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- Received April 11, 2012
- Accepted April 24, 2012
- Published online December 25, 2012.
A 42-year-old woman presented with worsening angina. Electrocardiography showed ST-segment elevation in lead aVR. Coronary angiography showed 80% ostial left main coronary stenosis (A, Online Video 1) and 90% ostial right coronary stenosis (B, Online Video 2). An intraaortic balloon pump was placed, and urgent coronary artery bypass surgery was performed. Intraoperatively, the patient had a “shield-like” infiltrative whitish mass involving the aortic root, ascending aorta, and pulmonary arteries, and extrinsically compressing both coronary arteries (C). Despite extensive involvement of the aortic root and arch, cannulation of the aortic arch was feasible, and saphenous vein grafts were placed. Biopsies showed necrosis with chronic inflammatory cells, mainly lymphocytes and neutrophils with fibroblasts and extensive collagen deposition (D and E). The cause of the mass remains idiopathic despite extensive workup.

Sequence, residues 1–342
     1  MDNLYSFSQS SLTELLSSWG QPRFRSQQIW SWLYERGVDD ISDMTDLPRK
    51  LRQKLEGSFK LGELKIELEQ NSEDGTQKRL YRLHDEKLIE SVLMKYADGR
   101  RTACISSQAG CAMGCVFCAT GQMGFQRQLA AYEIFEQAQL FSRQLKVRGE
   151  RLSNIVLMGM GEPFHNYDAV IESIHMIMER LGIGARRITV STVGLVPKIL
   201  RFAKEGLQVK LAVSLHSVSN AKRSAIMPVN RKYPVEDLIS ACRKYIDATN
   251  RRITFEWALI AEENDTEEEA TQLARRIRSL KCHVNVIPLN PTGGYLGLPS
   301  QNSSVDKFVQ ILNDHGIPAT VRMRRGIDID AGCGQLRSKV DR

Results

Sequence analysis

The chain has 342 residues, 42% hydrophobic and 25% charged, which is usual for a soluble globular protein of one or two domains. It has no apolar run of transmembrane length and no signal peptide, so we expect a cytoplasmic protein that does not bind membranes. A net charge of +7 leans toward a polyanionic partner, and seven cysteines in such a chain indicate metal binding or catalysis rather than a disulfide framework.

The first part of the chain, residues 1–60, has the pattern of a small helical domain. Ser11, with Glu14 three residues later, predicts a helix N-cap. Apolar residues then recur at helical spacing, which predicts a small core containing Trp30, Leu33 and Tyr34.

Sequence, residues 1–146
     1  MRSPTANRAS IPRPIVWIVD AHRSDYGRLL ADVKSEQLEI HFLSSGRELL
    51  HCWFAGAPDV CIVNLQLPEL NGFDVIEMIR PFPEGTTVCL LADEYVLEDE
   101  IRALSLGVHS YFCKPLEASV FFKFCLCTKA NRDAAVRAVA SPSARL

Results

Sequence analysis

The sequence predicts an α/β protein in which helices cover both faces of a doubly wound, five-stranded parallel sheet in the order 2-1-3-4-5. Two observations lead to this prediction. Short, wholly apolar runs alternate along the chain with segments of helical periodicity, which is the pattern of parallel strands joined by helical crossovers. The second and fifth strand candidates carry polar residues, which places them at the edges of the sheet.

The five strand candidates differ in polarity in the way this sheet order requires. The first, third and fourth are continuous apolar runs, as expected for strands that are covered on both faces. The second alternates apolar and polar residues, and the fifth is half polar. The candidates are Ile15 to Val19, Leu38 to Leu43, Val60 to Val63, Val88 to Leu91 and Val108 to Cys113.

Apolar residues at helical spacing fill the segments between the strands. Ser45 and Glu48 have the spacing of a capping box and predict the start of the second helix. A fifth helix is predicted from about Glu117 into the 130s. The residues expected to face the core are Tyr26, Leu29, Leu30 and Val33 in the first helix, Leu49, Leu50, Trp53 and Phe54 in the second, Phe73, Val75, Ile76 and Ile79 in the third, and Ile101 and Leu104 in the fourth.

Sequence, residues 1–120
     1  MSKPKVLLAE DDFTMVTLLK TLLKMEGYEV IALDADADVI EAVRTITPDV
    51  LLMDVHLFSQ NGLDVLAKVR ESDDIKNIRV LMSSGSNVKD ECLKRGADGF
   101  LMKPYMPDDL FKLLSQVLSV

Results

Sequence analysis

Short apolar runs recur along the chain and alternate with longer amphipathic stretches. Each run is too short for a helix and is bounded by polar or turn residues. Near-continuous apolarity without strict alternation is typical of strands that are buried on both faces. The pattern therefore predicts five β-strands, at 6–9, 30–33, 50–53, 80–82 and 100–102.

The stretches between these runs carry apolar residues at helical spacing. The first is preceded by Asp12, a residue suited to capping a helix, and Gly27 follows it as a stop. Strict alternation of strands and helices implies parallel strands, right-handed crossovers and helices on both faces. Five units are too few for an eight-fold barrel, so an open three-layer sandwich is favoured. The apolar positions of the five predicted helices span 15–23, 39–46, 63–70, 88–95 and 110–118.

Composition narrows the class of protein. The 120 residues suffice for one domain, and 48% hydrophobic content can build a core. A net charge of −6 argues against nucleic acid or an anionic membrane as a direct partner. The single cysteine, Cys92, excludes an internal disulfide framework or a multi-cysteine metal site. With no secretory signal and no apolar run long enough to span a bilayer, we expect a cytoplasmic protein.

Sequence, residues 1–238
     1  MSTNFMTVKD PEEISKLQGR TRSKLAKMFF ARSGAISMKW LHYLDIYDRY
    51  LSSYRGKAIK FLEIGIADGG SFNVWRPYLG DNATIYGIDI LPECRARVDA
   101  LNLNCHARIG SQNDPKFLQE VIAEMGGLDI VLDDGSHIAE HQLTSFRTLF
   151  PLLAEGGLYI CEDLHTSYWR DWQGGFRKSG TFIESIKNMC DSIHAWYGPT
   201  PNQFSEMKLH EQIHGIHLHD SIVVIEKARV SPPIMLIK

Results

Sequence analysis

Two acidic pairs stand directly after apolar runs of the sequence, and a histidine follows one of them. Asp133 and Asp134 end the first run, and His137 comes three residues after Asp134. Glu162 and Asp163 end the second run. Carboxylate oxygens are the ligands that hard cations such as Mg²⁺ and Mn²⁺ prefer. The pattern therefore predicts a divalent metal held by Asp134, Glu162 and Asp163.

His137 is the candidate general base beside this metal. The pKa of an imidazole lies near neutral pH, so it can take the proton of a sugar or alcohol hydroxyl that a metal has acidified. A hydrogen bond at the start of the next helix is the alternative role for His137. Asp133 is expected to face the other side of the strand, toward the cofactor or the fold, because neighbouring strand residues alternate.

Fibrosing mediastinitis is commonly idiopathic and related to autoimmune processes, such as retroperitoneal fibrosis, Riedel's thyroiditis, orbital pseudotumor, and Hodgkin's disease. Histoplasmosis, Mycobacterium tuberculosis, aspergillosis, blastomycosis, Nocardia, and Wuchereria bancrofti have been identified as potential causes.
- Received April 11, 2012.
- Accepted April 24, 2012.
- American College of Cardiology Foundation